Story by Tammi Jonas, AFSA President, May 2015
On Monday the 27th of April, over 40 Australian farmers, chefs, providores and assorted supporters, journalists and academics came together to discuss the potential for an Australian organisation similar to the American Farm to Consumer Defence Fund.
Together with the support of Lisa Heenan and Darren Doherty of Regrarians and Guy and Liz Grossi, AFSA welcomed Joel Salatin of Polyface fame to address the group on the topic of ‘A Fair & Regenerative Food System’. Over the course of a very full day punctuated by some very delicious food graciously provided by the Grossis, we worked through the issues as we see them and what Australian growers and eaters can do about them.
Joel’s talk was (predictably) equal parts inspiring and entertaining. He commenced with a quick history of the industrialization of agriculture, and how with industrialization came long supply chains and decreasing transparency. As industrialization led to a fear of what we couldn’t see, we ended up with an industrial food regulation system.
Joel then gave us some trademark pearls of wisdom:
- industrial orthodoxy is scale prejudicial – it’s easy to scale up, but can’t scale down
- industrial orthodoxy is extremely subjective – one day the regulators expect your boning room to be blue, the next pink, the next green (and I’ll add that some of them might be colourblind)
- industrial orthodoxy is adversarial – it sets regulators and regulated up as adversaries from the outset
- industrial orthodoxy is efficiency-prejudiced – eg. increased throughput at an abattoir is cause for celebration, instead of increased welfare at that same abattoir
- industrial orthodoxy doesn’t inform, it just codifies.
Joel asked the provocative question, “what will our children think of the current orthodoxy that safe food is sterile?”
This culture of sterility says:
- Coca Cola is safe but raw milk is dangerous;
- spreadable cheese product is safe but Roquefort is dangerous; and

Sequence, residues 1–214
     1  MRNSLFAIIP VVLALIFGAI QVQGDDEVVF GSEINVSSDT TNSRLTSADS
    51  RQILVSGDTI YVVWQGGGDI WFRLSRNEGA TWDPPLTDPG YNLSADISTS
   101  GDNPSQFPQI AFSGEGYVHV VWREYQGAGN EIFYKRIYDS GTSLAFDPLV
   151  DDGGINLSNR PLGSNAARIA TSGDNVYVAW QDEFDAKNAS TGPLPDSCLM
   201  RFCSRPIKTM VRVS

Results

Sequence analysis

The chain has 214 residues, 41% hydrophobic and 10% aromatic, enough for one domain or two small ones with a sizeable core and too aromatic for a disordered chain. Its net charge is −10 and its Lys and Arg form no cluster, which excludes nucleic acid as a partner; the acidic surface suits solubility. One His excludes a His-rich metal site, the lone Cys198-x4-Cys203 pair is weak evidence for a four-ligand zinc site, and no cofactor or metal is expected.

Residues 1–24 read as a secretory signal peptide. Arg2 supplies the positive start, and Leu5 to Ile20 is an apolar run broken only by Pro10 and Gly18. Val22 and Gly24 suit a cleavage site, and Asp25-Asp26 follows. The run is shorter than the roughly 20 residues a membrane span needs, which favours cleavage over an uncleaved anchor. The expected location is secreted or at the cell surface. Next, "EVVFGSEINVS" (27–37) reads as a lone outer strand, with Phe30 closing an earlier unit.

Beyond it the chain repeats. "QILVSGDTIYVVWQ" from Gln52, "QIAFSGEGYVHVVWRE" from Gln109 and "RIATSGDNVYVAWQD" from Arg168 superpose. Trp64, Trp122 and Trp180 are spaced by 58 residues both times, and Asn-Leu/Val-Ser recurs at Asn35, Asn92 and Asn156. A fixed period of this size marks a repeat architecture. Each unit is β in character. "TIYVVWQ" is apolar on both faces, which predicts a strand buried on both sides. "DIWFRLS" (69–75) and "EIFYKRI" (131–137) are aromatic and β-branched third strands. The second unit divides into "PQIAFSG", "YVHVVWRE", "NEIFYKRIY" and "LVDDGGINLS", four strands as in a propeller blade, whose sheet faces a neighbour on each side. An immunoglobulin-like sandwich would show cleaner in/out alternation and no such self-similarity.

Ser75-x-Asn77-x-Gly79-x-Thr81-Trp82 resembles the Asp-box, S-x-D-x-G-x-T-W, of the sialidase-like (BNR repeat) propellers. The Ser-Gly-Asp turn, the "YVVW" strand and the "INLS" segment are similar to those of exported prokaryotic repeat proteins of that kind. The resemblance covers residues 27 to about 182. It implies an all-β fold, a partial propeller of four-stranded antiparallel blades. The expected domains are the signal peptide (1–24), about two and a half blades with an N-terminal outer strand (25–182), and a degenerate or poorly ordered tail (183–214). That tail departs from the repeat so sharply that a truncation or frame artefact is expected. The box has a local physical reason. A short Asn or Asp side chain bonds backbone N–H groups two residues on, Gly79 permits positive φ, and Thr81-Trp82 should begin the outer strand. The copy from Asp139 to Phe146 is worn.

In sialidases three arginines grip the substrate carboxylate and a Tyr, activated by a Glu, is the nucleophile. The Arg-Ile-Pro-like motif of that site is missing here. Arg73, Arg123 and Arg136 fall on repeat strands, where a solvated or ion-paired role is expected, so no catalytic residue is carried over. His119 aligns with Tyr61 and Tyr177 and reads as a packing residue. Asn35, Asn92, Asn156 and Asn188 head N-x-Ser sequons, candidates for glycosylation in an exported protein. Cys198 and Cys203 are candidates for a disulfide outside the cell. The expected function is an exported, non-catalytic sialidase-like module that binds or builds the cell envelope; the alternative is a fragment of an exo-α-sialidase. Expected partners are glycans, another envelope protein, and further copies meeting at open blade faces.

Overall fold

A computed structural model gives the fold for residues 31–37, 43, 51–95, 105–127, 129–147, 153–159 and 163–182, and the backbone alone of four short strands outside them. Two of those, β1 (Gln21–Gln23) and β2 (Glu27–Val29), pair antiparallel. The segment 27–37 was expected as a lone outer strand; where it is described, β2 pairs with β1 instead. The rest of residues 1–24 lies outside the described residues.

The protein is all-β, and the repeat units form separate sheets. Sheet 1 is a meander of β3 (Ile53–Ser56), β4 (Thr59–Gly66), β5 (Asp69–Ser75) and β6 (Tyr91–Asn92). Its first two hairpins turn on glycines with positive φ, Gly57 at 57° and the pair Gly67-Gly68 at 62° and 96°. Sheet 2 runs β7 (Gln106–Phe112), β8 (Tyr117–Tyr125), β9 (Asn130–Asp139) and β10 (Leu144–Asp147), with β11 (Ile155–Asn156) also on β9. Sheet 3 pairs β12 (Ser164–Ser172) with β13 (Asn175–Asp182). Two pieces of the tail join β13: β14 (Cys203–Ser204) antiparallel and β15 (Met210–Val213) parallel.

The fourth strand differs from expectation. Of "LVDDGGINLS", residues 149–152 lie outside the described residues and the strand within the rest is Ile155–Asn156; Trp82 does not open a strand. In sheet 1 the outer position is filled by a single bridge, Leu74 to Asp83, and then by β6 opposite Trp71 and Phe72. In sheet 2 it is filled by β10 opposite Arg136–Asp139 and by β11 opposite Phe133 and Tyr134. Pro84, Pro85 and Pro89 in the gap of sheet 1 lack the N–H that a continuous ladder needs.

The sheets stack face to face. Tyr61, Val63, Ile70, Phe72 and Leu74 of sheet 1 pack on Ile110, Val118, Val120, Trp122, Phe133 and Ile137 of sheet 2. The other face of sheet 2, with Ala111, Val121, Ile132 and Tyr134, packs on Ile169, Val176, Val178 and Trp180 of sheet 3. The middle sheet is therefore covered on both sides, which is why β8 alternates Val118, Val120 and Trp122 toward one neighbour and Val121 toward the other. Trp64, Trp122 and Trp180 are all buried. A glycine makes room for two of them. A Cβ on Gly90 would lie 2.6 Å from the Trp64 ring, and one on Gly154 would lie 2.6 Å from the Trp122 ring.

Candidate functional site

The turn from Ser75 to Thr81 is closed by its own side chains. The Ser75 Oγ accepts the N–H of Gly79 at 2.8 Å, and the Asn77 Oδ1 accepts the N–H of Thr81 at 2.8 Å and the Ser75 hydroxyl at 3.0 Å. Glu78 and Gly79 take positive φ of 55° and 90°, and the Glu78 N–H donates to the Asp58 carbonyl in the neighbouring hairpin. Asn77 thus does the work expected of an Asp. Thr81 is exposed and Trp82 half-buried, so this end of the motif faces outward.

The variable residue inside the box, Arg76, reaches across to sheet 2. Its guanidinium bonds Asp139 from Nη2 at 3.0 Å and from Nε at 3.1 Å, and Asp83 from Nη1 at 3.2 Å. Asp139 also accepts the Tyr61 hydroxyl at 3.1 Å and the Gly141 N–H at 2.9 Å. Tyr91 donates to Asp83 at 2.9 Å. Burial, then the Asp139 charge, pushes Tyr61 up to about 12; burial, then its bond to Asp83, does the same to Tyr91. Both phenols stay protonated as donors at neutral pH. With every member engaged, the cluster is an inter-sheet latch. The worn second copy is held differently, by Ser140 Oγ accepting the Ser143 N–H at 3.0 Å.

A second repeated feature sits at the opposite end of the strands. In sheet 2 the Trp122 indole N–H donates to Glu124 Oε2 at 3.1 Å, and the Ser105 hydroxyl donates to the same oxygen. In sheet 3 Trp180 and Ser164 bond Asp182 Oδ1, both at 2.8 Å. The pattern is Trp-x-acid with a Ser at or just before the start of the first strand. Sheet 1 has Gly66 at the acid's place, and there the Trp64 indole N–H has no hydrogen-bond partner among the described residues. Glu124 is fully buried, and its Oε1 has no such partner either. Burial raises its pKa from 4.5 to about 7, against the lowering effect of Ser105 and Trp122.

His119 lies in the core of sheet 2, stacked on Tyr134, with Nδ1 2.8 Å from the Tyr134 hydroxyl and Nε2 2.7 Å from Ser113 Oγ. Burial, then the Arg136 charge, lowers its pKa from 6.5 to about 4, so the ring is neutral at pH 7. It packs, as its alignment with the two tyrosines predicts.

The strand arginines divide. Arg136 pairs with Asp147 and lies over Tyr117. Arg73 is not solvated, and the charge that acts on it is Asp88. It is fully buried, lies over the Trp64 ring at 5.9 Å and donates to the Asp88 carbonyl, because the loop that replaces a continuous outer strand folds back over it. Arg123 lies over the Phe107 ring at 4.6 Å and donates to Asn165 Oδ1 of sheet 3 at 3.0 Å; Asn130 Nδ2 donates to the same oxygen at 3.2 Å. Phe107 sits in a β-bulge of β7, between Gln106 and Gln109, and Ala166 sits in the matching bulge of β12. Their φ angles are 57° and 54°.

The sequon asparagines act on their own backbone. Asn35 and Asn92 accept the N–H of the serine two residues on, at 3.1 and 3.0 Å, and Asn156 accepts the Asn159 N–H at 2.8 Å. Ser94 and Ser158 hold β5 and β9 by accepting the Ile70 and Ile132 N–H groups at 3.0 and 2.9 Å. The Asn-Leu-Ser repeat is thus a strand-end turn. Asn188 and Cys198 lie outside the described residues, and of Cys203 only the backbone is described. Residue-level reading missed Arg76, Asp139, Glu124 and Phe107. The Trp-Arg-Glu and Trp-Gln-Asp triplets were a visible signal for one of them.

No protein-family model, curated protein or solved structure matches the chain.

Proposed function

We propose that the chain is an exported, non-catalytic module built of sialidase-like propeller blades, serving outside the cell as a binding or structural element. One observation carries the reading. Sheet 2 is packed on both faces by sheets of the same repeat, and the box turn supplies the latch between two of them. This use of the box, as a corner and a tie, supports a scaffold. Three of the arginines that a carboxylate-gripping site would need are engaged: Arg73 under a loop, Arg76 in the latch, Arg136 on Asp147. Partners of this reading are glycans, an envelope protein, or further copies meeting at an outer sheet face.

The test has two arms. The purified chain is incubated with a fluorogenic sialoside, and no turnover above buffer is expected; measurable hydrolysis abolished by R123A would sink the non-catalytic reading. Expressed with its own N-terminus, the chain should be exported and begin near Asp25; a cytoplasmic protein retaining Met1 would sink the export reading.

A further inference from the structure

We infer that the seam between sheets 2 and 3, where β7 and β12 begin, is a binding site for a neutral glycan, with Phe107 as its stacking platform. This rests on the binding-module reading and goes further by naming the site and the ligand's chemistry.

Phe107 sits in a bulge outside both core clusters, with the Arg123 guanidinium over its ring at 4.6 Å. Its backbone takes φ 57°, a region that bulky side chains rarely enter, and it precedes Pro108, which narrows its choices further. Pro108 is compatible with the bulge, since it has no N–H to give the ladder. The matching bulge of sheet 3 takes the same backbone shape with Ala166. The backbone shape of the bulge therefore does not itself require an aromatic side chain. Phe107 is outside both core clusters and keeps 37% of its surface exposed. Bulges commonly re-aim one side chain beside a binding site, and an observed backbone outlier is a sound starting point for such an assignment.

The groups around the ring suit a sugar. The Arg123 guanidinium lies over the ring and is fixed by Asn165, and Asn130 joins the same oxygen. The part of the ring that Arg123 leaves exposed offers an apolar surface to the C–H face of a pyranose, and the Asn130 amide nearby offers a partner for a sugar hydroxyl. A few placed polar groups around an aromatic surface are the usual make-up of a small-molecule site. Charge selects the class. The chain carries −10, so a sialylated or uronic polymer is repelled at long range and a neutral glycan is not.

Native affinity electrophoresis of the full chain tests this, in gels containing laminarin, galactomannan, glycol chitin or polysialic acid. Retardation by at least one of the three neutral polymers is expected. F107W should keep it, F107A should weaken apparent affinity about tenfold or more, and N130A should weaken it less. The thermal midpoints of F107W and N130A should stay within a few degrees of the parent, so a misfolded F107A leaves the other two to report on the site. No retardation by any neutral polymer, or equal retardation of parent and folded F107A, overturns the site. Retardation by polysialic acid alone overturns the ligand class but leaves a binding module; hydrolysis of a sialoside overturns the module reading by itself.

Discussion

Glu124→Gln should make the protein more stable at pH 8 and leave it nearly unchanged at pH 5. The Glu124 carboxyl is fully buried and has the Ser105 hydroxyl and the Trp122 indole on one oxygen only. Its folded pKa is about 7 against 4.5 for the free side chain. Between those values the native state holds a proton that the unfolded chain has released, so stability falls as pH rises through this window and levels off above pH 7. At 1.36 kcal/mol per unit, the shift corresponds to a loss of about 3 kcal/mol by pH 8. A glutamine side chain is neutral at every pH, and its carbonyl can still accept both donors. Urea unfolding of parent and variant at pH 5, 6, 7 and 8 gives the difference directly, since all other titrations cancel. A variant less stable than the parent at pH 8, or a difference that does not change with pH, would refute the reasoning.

- petroleum-based fertilizer is safe but compost is dangerous.
While some of us are engaged in re-building a food system outside of contemporary industrial orthodoxies, Joel points out that there are new areas of conflict ahead. The re-zoning and claiming of agricultural land for urban development is just one planning problem we face, and it’s a big one. He’s also concerned about insurance policies written for an industrial society rather than your small, local farmer who just needs a farm hand, and the restrictions on housing more than one nuclear family when regenerative farming takes many hands – we need ‘more eyes per acre’, not less.
While some of the issues Joel raised may be more specific to the United States, his remedies resonate. First and foremost, we need food sovereignty laws to establish the people’s right to collectively determine our own food and agriculture systems.
Such laws could, as Wyoming has recently done, exempt all direct producer to consumer transactions from the usual regulatory framework (meat and dairy are excluded). Or they could be exempt based on numerical scale – this sort of exemption already exists in many examples of legislation. Exemptions could be based on location, description, empirical testing, or, Joel suggests, complete circumvention.
In the US, they have the Farm to Consumer Legal Defence Fund, which was established in the mid-2000s to protect people’s right to sell or acquire the food of their choice, and to protect against harassment by regulating authorities. The Fund operates a 24/7 hotline for producers to ring for immediate advice when the ‘food police’ roll up their driveway.
Joel says he’s used it three times, and the last time was when authorities destroyed some of his eggs in a restaurant for not being stamped – the chef rang Joel, who rang the hotline, who rang the authority, who withdrew their claim against Joel within 24 hours. As Joel says, if he’d been left on his own to fight the regulator, he’d still be trying.
Joel finished off by asking how can we embrace live food again? The current system has centralized risk and removed responsibility and with it, choice. What we need to do is de-centralise risk and distribute responsibility.
The rest of the day was spent working through the issues producers, providores, chefs and eaters are facing in our attempts to grow, buy and eat the food of our choice, and commencing the discussion of what an organization like the Farm to Consumer Legal Defence Fund in Australia might look like.
Do we need a hotline? Templates to assist producers in complying with regulations? Templates to assist council in understanding how they can support flourishing local food economies? Advocacy for legal reform?
We’re interested in your views.
If you want to learn more or support our work with the Regrarians and the Grossis to establish an organization like America’s Farm to Consumer Legal Defence Fund, drop us a line at email@example.com. Or even better, join AFSA today – every voice makes us stronger and helps us build a fair food future for Australia.